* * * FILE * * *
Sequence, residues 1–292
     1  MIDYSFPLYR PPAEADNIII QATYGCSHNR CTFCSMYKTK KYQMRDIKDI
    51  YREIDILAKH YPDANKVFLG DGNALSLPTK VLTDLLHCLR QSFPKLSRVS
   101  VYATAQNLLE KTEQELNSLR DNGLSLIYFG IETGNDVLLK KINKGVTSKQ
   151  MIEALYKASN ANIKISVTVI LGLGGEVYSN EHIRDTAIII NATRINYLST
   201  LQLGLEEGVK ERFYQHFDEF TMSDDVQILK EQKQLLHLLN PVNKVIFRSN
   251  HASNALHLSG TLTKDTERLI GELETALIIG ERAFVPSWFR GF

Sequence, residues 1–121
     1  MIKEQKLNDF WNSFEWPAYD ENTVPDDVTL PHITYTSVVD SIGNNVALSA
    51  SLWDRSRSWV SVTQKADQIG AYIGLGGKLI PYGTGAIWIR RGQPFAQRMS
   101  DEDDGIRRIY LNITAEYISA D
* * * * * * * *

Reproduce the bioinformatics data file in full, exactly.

Sequence, residues 1–292
     1  MIDYSFPLYR PPAEADNIII QATYGCSHNR CTFCSMYKTK KYQMRDIKDI
    51  YREIDILAKH YPDANKVFLG DGNALSLPTK VLTDLLHCLR QSFPKLSRVS
   101  VYATAQNLLE KTEQELNSLR DNGLSLIYFG IETGNDVLLK KINKGVTSKQ
   151  MIEALYKASN ANIKISVTVI LGLGGEVYSN EHIRDTAIII NATRINYLST
   201  LQLGLEEGVK ERFYQHFDEF TMSDDVQILK EQKQLLHLLN PVNKVIFRSN
   251  HASNALHLSG TLTKDTERLI GELETALIIG ERAFVPSWFR GF

Sequence, residues 1–121
     1  MIKEQKLNDF WNSFEWPAYD ENTVPDDVTL PHITYTSVVD SIGNNVALSA
    51  SLWDRSRSWV SVTQKADQIG AYIGLGGKLI PYGTGAIWIR RGQPFAQRMS
   101  DEDDGIRRIY LNITAEYISA D